Greece’s debt drama has returned to center stage. But global financiers are balking at another bailout. Meanwhile, Europe’s banking system remains fragile. There’s only one way “Europe’s seemingly endless series of financial crises will end.”
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[Editor’s note: The text version of this video is below.]
In 2010, the bailout for Greece amounted to €110 billion. Also, Greeks endured painful austerity measures.
EWI’s June 2011 European Financial Forecast discussed the prospects of bondholder losses and the restructuring of Greece’s debt:
This is the process by which a decades-long credit buildup deflates: slowly and painfully, credit by agonizing credit, until the level of economic production can again support principle and interest payments. Greece is merely out in front of a continent-wide struggle that will make headlines for years. [emphasis added]
Sure enough, another bailout of €130 billion was news in 2012. And, now, we find these headlines in 2017:
- Germany’s Schaeuble rules out cutting Greece’s debt (APF, Feb. 9)
- The last thing Europe needs: another Greek crisis (CNN Money, Feb. 8)
- European debt crisis: It’s not just Greece that’s drowning in debt (The Telegraph, Feb. 8)
- Greece, the never-ending crisis in Europe (CNBC, Feb. 7)
The Telegraph explains (Feb. 7):
A fresh crisis over Greek debt could be triggered as soon as in July when Greece is due to repay some 7bn euros to its creditors — money the country cannot pay without a fresh injection of bailout cash.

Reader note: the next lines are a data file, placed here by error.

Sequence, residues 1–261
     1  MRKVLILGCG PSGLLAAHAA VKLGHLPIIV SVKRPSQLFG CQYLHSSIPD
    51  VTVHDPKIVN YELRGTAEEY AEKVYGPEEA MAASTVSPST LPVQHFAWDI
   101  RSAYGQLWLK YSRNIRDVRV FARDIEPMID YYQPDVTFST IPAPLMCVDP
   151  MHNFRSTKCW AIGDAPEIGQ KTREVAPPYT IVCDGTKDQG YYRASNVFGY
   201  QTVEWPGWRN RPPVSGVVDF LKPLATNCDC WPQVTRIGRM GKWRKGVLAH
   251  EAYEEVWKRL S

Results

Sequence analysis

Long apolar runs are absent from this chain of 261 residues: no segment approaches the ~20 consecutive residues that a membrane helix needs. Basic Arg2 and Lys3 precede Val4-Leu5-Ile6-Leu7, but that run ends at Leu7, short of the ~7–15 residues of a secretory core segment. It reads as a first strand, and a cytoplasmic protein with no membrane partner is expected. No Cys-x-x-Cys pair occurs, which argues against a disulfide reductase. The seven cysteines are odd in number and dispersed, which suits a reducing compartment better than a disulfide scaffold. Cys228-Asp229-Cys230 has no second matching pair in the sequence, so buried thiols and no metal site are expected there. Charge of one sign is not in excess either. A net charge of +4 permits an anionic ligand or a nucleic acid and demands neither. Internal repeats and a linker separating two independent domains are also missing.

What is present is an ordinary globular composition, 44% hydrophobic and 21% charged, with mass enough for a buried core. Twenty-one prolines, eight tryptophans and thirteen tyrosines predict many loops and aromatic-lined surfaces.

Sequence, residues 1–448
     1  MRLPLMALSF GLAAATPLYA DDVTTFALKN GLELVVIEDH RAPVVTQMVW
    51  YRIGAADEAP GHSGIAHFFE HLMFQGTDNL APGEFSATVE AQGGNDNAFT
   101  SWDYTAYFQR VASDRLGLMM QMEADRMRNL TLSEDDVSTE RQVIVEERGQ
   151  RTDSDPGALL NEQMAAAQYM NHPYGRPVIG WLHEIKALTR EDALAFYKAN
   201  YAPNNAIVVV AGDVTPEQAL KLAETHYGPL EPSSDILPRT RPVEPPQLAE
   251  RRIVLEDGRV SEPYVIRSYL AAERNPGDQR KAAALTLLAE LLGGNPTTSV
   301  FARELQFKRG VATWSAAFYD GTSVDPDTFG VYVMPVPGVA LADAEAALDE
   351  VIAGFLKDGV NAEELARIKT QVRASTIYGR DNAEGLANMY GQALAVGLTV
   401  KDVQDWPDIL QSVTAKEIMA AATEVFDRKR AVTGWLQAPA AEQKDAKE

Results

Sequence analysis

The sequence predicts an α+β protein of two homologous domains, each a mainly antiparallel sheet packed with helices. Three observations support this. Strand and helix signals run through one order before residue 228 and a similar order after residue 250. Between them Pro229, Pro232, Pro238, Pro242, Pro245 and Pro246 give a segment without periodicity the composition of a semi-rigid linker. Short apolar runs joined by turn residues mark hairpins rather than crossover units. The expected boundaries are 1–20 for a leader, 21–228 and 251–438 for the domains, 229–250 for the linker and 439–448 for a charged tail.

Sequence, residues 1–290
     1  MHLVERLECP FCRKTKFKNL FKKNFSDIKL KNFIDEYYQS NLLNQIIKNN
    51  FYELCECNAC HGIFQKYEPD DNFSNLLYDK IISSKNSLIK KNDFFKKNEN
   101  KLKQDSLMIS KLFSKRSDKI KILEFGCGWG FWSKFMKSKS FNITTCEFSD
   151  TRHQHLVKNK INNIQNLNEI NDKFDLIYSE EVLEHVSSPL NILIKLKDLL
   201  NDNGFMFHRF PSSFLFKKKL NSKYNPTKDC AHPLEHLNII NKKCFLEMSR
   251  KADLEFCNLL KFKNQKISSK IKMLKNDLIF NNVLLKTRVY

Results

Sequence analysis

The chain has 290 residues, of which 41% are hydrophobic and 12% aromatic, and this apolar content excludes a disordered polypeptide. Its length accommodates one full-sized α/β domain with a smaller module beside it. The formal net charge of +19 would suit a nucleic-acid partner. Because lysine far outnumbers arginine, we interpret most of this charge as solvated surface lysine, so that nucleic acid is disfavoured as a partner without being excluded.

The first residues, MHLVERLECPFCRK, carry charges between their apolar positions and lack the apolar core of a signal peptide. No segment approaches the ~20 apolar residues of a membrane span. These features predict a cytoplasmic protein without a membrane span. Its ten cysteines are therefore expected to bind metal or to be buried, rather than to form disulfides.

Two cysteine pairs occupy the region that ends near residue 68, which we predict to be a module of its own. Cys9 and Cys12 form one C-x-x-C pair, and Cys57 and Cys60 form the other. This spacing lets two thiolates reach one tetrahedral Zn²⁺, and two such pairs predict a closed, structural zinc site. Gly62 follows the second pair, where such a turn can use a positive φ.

But, as the article notes, global financiers at the International Monetary Fund are balking at the idea of “endless bailouts” for Greece.
This chart (The Telegraph, Feb. 7) shows that Greece’s government debt as a percent of GDP in 2015 was 177%.
Also notice that Italy’s government debt (second from the bottom) was 132% of GDP.
Besides facing a mountain of debt, Italy’s government had to recently rescue its third largest lender – and the world’s oldest bank.
The January European Financial Forecast showed this chart and said:
The Italian government just authorized a €20 billion rescue of Monte dei Paschi di Siena, the world’s oldest bank. Authorities suspended trading last month as the bank’s share price has collapsed 99% since its May 2007 all-time high near 10,000. …
In essence, the government was forced to do what private investors would not: shore up a hopelessly failing bank.
The publication also cited the misguided optimism that attended the legal settlements of Deutsche Bank and Credit Suisse and went on to discuss the folly of government intervention in Europe’s banking system.
The story is as old as banking itself, and Europe’s seemingly endless series of financial crises will end only after a seven-decade buildup of debt is wiped off the books by way of default.
Monte dei Paschi di Siena was founded in 1472. It persisted for centuries through untold number of calamities: revolutions, wars, natural disasters — but not the current European crisis.
The long build-up of sovereign debt might be headed for the same fate.